WASHINGTON — Burke Marshall, Robert F. Kennedy's right-hand man in the Justice Department's struggle to desegregate the South in the early 1960s, died Monday at his home in Newtown, Conn. He was 80 and suffered from myelodysplasia, a bone marrow disorder.
As the assistant attorney general in charge of the civil rights division, Marshall helped manage pivotal events of the tumultuous era, from the federally supervised integration of public universities in Mississippi and Alabama to the enactment of the landmark Civil Rights Act of 1964.
After leaving government, he became general counsel of IBM Corp., and later joined the faculty of the Yale Law School, his alma mater, where he taught for more than 30 years until his death.
Marshall was an unlikely crusader -- a rising partner at a Washington law firm, Covington & Burling, where he specialized in antitrust law -- when Kennedy tapped him for the civil rights post in 1961.
Quiet and unassuming, Marshall thought he had blown his job interview with the new attorney general.
But Kennedy hired him because his advisors had convinced him that Marshall was the brightest young lawyer in Washington. His lack of background on civil rights issues was considered a plus; the new administration feared that hiring a partisan might hinder its agenda.
"No man ever came into the U.S. government with looks more deceiving than Marshall," Edwin O. Guthman, a former Los Angeles Times national editor and press aide to Kennedy at both the Justice Department and in the Senate, wrote in "We Band of Brothers," a memoir of the Kennedy years. "Beyond a solemn, self-effacing manner, a slight build, spectacles and a creaky voice were a brilliant mind, a great amount of exceptionally penetrating logic and a terse, dry sense of humor."
Marshall and Kennedy "became the closest of partners and friends, and were deeply trustful and respectful of each other," Guthman said in an interview. "It was like it was made in heaven. Yet you never would have thought of it when they first met."
To civil rights leaders, Marshall became a voice of reason in a developing storm.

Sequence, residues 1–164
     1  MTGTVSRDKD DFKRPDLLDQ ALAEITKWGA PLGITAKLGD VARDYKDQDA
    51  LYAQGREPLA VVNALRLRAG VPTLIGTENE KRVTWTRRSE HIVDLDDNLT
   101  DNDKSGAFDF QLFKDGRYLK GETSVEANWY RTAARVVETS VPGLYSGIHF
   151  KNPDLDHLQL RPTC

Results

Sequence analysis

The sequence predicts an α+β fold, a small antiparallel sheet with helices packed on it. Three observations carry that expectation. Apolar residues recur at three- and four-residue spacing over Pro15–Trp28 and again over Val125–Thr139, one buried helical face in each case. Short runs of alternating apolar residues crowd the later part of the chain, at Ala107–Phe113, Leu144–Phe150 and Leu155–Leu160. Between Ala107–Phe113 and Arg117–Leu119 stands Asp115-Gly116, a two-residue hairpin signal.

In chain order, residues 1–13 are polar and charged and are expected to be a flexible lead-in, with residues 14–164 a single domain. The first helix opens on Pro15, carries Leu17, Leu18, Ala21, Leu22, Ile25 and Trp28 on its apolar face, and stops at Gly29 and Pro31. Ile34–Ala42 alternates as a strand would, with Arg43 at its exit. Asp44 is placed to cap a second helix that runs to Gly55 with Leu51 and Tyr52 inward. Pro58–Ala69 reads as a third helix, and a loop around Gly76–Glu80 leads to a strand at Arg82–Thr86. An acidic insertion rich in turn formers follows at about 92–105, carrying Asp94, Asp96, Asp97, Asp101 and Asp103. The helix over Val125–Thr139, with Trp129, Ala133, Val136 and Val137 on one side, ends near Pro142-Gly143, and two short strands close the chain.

John Lewis, a leader of the Freedom Riders that traveled the South starting in 1961 to test a Supreme Court decision outlawing discrimination in public transportation, said Marshall quickly came to be known as someone to call if trouble arose.
Initially, "I don't know if he knew much about the problem of race in the American South or civil rights, but he responded to the crisis. He listened, and he grew," said Lewis, now a Democratic congressman from Georgia. "I saw him during that period as a sympathetic referee in the struggle for civil rights."
A skillful, low-key negotiator, he "personified resolution with respect to breaking the caste system of the South," said John Doar, Marshall's deputy, whose experiences were dramatized in the film "Mississippi Burning."
"He had a marvelous ability to see way down the road and make the right call," Doar added. "His challenge was to break the caste without getting a lot of people killed. And that wasn't easy."
For Justice Department lawyers, Marshall was a resonant sounding board.
Howard Glickstein, then an appellate specialist in the civil rights division, recalls Marshall drilling him on language in school desegregation briefs implementing the Supreme Court's 1954 Brown vs. Board of Education decision.
Glickstein -- now dean of Touro Law Center in Huntington, N.Y. -- said Marshall convinced him to back off from a position that race should never be taken into account in school and other public accommodation cases. In a way, the advice was prescient; the idea that race should be a factor later became a fundamental tenet in the development of affirmative action.
"He prodded me about what I really meant, and what the implications were, and did we want that to be the government's position," Glickstein recalled.
In 1962, Marshall played a principal role as an advisor to James Meredith in his battle to become the first black to attend the University of Mississippi, "in the White House, at the president's elbow," said Louis Oberdorfer, a senior U.S. district judge in Washington and a former Kennedy Justice Department colleague.
In May 1963, he was sent to Birmingham, Ala., to craft a truce in the aftermath of attacks on civil rights protesters led by the Rev. Martin Luther King Jr.
On the plane back, Marshall and other department officials put together the first draft of a new civil rights law. The truce didn't last, although the draft ultimately became the foundation of the landmark 1964 law.
Born in Plainfield, N.J., Marshall received undergraduate and law degrees from Yale.
From 1942 to 1946, he served in the Army as a Japanese linguist and cryptanalyst.
After a brief stint at IBM, he returned to Yale in 1970 as deputy dean and professor, and in 1986 was named Nicholas deB. Katzenbach Professor of Law -- a chair named in honor of a Justice Department colleague who became attorney general under President Lyndon B. Johnson.
In addition to his wife of 56 years, Violet, he is survived by three daughters and four grandchildren.